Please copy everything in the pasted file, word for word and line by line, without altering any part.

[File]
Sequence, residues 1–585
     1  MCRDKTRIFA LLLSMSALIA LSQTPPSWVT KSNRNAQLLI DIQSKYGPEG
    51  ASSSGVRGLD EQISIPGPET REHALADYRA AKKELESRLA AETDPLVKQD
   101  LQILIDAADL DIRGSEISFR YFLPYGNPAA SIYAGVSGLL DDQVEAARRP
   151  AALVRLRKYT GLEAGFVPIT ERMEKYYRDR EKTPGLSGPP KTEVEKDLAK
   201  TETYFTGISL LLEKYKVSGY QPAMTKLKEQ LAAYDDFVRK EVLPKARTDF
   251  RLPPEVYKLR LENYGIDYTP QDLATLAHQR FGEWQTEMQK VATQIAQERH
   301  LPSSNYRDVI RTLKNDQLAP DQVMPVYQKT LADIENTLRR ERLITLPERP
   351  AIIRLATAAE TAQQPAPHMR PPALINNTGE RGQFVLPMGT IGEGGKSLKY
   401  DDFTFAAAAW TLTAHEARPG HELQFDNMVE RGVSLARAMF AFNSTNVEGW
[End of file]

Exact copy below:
Sequence, residues 1–585
     1  MCRDKTRIFA LLLSMSALIA LSQTPPSWVT KSNRNAQLLI DIQSKYGPEG
    51  ASSSGVRGLD EQISIPGPET REHALADYRA AKKELESRLA AETDPLVKQD
   101  LQILIDAADL DIRGSEISFR YFLPYGNPAA SIYAGVSGLL DDQVEAARRP
   151  AALVRLRKYT GLEAGFVPIT ERMEKYYRDR EKTPGLSGPP KTEVEKDLAK
   201  TETYFTGISL LLEKYKVSGY QPAMTKLKEQ LAAYDDFVRK EVLPKARTDF
   251  RLPPEVYKLR LENYGIDYTP QDLATLAHQR FGEWQTEMQK VATQIAQERH
   301  LPSSNYRDVI RTLKNDQLAP DQVMPVYQKT LADIENTLRR ERLITLPERP
   351  AIIRLATAAE TAQQPAPHMR PPALINNTGE RGQFVLPMGT IGEGGKSLKY
   401  DDFTFAAAAW TLTAHEARPG HELQFDNMVE RGVSLARAMF AFNSTNVEGW